He acquitted himself very well. Good skill on the half hour set Junior Hoilett up for a crossing opportunity which he wasted – still, two Canadians playing in the same Football League team makes for an interesting quiz question, Millwall 2004 is my bet for the last time it happened. Later Petrasso unloaded a shot from the edge of the area that seemed destined for the top corner until it hit Sandro and deflected away. Decent pace, decent work rate, nice touch of the ball – his inclusion rubbished the myth that QPR don’t have kids at the club worth considering for the senior team, and that the crowd won’t be supportive of them when they are.
Lord knows they had precious little else to respond to. Leeds’ Stuart Dallas spending the best part of three minutes on the floor being treated for a bloodied nose – which couldn’t possibly have been done ten yards away on the otherwise of the touchline, of course – then running back onto the pitch only to be immediately ironed out again by Sandro for another prolonged stoppage rather summed the first 45 minutes up. It was a half of football to drive a vicar to crystal meth.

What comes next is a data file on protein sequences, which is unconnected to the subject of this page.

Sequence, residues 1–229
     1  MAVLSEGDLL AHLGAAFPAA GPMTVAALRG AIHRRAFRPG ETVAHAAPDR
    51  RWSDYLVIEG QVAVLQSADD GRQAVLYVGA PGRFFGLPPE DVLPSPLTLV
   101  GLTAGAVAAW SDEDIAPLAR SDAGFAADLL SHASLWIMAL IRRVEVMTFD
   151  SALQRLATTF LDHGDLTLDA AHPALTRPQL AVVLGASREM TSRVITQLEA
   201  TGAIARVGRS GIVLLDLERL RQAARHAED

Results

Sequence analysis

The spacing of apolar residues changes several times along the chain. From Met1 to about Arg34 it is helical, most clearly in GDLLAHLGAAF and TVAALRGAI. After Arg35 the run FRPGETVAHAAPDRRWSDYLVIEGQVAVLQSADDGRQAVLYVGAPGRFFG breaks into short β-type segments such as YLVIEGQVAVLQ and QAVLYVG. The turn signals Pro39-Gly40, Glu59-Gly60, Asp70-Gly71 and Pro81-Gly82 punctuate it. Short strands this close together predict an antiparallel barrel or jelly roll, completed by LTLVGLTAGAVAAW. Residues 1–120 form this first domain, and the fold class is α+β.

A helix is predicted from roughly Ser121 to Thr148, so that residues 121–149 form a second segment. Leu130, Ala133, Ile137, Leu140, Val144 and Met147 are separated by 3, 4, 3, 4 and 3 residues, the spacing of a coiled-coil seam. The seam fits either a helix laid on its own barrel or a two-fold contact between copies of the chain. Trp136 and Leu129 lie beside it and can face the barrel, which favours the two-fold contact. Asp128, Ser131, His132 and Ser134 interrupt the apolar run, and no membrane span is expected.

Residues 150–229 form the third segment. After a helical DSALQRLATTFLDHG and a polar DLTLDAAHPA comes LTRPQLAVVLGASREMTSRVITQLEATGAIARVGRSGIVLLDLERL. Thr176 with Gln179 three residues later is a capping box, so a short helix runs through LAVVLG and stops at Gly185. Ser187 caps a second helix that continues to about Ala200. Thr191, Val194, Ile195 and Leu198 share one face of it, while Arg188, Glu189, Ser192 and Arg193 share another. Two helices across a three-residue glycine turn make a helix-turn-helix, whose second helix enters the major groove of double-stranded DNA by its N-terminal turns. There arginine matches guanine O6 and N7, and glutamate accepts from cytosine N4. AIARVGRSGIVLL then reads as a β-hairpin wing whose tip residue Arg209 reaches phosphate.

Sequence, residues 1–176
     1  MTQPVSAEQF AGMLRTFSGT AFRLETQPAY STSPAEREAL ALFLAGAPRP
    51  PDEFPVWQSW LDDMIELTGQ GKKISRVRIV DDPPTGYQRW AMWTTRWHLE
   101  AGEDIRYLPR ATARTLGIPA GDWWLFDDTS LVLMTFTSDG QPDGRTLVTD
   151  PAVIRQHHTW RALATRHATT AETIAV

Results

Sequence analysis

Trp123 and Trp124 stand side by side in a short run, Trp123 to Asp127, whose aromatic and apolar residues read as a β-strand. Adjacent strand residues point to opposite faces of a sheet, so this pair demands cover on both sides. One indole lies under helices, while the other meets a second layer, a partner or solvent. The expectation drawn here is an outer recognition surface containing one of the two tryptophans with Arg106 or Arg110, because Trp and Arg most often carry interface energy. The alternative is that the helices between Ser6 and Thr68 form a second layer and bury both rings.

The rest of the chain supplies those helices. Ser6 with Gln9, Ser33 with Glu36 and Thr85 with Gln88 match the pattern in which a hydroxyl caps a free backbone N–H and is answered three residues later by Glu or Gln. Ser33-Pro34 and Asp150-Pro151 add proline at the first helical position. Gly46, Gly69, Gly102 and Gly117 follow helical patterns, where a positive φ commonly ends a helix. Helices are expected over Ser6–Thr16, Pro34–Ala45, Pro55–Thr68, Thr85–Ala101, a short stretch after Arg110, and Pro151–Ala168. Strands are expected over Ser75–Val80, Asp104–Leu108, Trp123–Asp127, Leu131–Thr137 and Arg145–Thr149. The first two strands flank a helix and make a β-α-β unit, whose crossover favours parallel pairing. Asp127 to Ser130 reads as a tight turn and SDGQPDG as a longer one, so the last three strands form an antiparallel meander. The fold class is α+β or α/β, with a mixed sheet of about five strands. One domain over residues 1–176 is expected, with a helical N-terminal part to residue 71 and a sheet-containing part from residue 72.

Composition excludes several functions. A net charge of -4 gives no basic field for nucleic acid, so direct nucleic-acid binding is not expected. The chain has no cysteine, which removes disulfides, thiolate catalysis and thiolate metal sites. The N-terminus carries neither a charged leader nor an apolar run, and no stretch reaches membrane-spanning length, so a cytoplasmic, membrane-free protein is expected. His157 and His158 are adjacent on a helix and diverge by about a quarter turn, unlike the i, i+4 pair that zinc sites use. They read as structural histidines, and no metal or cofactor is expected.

Ale Faurlin was exemplary in the middle of the midfield, but a seventh minute free kick booted off towards Acton after Hoilett had been felled by Liam Bridcutt – the Sunderland loanee was booked on his debut – wasn’t his finest hour. Nor was Hoilett’s header straight up in the air on the half hour after a good cross from Paul Konchesky – even lesser spotted than QPR youth team players in the first team. Nor was Robert Green inexplicably deciding to come charging 40 yards away from his goal to try, and fail, to intercept a straightforward Leeds punt down the field leaving Chris Wood to stride round him but take too long over the finish to exploit the open goal.
But Hoilett actually played very well here, his best performance for the club for many a long month, and that Wood chance was the only one Leeds created until the very dying embers of the game. Nedum Onuoha tried his luck from 30 yards just before half time, and missed by far less than you’d expect, to merely exaggerate QPR’s desperate need for a focal point in the attack. All that was missing was an actual striker.
After ten uneventful minutes of the second half, that hero came along. A double substitution saw Petrasso and the industrious Yun Suk-Young replaced by Tjaronn Chery and, more importantly, Charlie Austin. The game changed literally immediately. QPR would finish the afternoon with 20 shots on the Leeds goal, and these came with metronomic regularity once Austin entered the fray.